The American Association of Port Authorities (AAPA) and seven other cargo transportation sector groups want the country’s supply chain professionals to get priority access to a Covid-19 vaccination.

In a letter to the US Senate Committee on Commerce, Science and Transportation, and the Subcommittee on Transport and Safety, the associations said: “Prioritising vaccinations for freight, rail, port and energy workers will be a key intervention to help keep our critical supply chains operating, and to reinforce the resilience of our transportation networks.”

AAPA president and ceo, Christopher J. Connor, said that the USA’s supply chain industries, including its ports and their direct workforce of more than 650,000 front-line personnel, have kept essential goods moving to medical professionals, first responders and vital manufacturing, distribution and retail businesses during the pandemic. “Their dedication and perseverance has enabled commerce to continue flowing during a time of great risk to their personal health and well-being, ensuring the goods we want and need are available when and where we need them.”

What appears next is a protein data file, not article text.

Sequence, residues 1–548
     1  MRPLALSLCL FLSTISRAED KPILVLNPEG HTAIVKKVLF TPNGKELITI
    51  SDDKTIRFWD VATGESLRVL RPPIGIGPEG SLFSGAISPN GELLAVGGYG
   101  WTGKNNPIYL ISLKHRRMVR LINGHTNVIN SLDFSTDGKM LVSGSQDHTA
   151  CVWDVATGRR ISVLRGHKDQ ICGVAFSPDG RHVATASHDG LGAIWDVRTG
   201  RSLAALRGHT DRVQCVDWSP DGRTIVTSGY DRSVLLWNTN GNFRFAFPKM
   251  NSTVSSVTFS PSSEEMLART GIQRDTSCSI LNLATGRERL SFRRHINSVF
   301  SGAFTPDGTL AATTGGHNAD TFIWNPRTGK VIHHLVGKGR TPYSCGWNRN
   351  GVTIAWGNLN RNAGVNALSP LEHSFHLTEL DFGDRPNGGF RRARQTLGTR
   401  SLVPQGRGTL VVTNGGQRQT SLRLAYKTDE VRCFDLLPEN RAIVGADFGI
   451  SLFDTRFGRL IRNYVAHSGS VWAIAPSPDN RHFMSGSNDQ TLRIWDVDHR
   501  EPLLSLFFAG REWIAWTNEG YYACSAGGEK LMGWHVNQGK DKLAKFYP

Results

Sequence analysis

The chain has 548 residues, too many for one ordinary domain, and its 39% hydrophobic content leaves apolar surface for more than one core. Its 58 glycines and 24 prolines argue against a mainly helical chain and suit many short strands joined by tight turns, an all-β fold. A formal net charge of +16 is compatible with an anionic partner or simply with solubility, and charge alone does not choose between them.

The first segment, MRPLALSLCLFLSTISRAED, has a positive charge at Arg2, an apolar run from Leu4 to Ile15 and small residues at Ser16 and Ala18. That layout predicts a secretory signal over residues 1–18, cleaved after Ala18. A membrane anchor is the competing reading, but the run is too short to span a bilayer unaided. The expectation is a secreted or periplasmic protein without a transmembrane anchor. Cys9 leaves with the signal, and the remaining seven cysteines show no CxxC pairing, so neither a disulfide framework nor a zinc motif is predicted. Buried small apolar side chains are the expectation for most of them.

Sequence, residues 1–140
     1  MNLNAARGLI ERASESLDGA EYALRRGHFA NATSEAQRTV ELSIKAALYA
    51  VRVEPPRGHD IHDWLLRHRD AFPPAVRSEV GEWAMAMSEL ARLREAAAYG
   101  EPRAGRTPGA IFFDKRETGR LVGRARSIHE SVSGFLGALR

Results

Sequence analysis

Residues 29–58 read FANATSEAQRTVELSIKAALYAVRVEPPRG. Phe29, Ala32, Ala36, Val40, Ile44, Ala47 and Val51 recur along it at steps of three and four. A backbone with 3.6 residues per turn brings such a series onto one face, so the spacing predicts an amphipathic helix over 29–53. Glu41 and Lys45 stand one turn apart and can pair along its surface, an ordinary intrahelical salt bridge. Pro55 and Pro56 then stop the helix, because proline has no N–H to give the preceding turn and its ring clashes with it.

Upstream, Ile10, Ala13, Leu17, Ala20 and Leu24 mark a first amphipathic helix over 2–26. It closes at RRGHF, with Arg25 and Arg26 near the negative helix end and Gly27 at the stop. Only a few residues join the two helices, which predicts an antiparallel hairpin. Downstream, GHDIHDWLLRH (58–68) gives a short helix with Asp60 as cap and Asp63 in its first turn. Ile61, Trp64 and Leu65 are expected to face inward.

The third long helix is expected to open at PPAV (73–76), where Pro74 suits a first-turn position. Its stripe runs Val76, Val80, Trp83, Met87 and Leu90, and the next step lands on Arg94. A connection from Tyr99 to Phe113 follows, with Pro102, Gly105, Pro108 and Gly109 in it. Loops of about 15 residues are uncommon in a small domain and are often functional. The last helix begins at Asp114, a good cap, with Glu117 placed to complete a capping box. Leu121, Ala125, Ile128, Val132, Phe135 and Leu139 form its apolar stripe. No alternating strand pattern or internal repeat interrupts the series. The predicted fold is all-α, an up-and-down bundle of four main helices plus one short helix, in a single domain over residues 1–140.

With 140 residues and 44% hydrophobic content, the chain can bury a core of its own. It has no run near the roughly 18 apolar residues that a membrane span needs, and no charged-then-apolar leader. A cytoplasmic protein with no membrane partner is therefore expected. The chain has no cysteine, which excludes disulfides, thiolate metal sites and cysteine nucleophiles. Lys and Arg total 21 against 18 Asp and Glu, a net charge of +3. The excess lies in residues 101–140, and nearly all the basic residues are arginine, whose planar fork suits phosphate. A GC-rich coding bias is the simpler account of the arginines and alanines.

In a separate letter, the AAPA and a host of other maritime transportation entities asked Congressional leadership and treasury secretary Steven Munchin for USD3.5 billion in Covid-19 relief funding to be made available to the USA’s maritime transportation sector.

Connor cited “significant hardships” and “unique and unexpected challenges” posed by the Covid-19 pandemic as reasons for the additional support. He said that most ports are still suffering financially, particularly those that handle non-containerised goods, like steel, grain and other bulk commodities. “The relief we’re seeking is about ensuring ports and other maritime transportation businesses are able to keep pace with the accelerating costs of protecting their workers while keeping their workforce employed, and maintaining a state of readiness so they can significantly aid in the nation’s eventual economic recovery,” he added.